There Were Interoperability Issues and a Lack of Education About How to Use Them to the Customer’s BenefitBecause of my change of official residence and the fact that I had a primary care doctor in one state but was seeking services is another state, it was obvious how convenient it would be if physicians or clinicians in both states could see the same records. Thankfully I had enough experience in healthcare technology to know that when the team in my new location asked me to have records sent to them, I urged them to find those records on the common medical record system I knew they both used – Epic. And while it should have been a simple solution to access those from the new facility, it did take some effort on the part of the staff and with quite a bit of prodding from me to push it through. For the average consumer, it would be tremendously helpful to have people-driven healthcare, to be able to own your own records and data and share that with all of your medical relationships, but for right now, it would be optimal to at least be able to have disparate medical organizations be able to see and share your data with each other with the patient’s permission.
I Had to Get Comfortable With Asking Tough and Uncomfortable QuestionsI also gained from this experience a deep empathy for those without health insurance – whether as an intentional decision or due to financial constraints. The amount of discomfort I felt trying to explain my situation and that I was between insurance coverage and pursuing direct payment options seemed unnecessary. I was once boldly asked “Why don’t you have insurance?” The obvious reply was “None of your business.” But as a cash-paying customer, it was important to me to ask a lot of questions and know exactly what was included in the price of the service or treatment. I also needed to understand how and when those records or outcomes would be delivered to my out-of-state physician, and if the price they were quoting me was in line with other clinics or medical centers in the area. So, after this months-long experience as a responsible, engaged, active healthcare consumer, it took some patience not to react strongly when someone from my physician’s administrative team challenged my efforts. When I was told “Sir, maybe you should be more responsible for your own healthcare,” after we discovered the test results from a clinic sent to my physician’s office were lost somewhere in the ether, my reaction was, “She’s right,” but not in the way she intended. I had made every effort to be more personally accountable about my healthcare costs and options, and repeatedly found the system in its current state makes that nearly impossible.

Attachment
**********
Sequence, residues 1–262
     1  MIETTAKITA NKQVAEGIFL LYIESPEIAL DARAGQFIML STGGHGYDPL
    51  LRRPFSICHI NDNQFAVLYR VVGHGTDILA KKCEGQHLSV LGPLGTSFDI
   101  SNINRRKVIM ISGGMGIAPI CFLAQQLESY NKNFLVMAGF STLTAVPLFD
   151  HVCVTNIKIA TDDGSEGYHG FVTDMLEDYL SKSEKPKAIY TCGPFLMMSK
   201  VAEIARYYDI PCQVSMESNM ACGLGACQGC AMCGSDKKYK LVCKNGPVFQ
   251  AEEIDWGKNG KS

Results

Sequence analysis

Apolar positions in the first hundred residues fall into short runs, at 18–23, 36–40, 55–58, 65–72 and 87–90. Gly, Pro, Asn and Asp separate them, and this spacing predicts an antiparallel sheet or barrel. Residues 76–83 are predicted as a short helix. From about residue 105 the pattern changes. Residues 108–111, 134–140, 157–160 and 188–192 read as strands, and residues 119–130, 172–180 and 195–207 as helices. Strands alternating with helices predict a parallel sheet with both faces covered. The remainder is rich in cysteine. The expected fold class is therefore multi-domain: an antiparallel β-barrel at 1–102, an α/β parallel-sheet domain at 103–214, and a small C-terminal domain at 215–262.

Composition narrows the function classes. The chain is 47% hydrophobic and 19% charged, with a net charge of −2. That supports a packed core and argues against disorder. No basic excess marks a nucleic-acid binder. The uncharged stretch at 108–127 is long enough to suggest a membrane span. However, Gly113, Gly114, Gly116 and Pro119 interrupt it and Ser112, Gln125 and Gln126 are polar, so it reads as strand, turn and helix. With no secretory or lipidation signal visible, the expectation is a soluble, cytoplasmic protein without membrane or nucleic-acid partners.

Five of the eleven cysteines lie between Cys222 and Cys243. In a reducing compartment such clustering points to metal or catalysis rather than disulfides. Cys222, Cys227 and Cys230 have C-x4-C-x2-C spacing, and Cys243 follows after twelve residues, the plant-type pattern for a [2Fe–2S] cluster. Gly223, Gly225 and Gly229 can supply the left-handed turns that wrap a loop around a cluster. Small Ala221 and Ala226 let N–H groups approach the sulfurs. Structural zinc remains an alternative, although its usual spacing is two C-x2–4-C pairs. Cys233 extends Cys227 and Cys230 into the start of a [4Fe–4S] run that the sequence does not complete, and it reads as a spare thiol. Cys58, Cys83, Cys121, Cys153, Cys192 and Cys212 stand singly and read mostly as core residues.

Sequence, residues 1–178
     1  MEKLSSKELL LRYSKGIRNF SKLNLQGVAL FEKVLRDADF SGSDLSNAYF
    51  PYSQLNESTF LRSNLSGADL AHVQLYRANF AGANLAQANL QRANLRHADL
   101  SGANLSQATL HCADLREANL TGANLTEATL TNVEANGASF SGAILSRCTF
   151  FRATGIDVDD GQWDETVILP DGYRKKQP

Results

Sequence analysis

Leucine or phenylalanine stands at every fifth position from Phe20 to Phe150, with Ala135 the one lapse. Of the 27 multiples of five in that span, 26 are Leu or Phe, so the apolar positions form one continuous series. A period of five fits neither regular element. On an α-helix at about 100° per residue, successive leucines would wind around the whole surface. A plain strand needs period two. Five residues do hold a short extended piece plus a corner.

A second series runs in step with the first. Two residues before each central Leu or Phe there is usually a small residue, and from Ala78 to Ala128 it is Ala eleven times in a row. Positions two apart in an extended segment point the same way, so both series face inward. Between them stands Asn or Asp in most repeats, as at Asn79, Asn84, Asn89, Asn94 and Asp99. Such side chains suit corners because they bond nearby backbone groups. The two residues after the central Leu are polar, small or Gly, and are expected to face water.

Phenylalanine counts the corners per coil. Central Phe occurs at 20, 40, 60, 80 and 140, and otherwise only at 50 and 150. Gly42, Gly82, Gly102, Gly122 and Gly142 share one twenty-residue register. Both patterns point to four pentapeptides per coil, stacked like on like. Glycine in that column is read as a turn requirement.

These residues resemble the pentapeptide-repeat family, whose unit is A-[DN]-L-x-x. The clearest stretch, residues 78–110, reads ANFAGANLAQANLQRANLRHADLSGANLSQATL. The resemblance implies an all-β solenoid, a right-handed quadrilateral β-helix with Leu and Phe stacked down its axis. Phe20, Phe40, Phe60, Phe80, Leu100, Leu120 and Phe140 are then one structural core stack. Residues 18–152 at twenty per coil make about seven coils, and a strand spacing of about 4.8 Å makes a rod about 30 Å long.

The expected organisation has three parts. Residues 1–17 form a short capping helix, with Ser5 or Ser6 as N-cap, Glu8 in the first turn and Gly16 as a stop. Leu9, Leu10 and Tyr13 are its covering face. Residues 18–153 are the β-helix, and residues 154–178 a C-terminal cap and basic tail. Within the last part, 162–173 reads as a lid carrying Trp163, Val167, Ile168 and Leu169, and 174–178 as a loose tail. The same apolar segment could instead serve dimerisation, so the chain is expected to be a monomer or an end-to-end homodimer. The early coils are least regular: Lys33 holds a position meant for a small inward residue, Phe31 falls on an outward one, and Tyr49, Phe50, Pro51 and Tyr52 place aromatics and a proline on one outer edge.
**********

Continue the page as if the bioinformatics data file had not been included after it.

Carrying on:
I had made every effort to be more personally accountable about my healthcare costs and options, and repeatedly found the system in its current state makes that nearly impossible.But if consumers had access to the right tools and had more transparency into the system and processes, we could all be more informed health consumers and be more responsible for our own healthcare costs and experiences. After all the frustrating calls, price discussions, and arguments along the way, I became energized and empowered knowing that, through Calcium, my team and I were poised and ready to empower consumers so they can take greater control over their own health journey and destiny.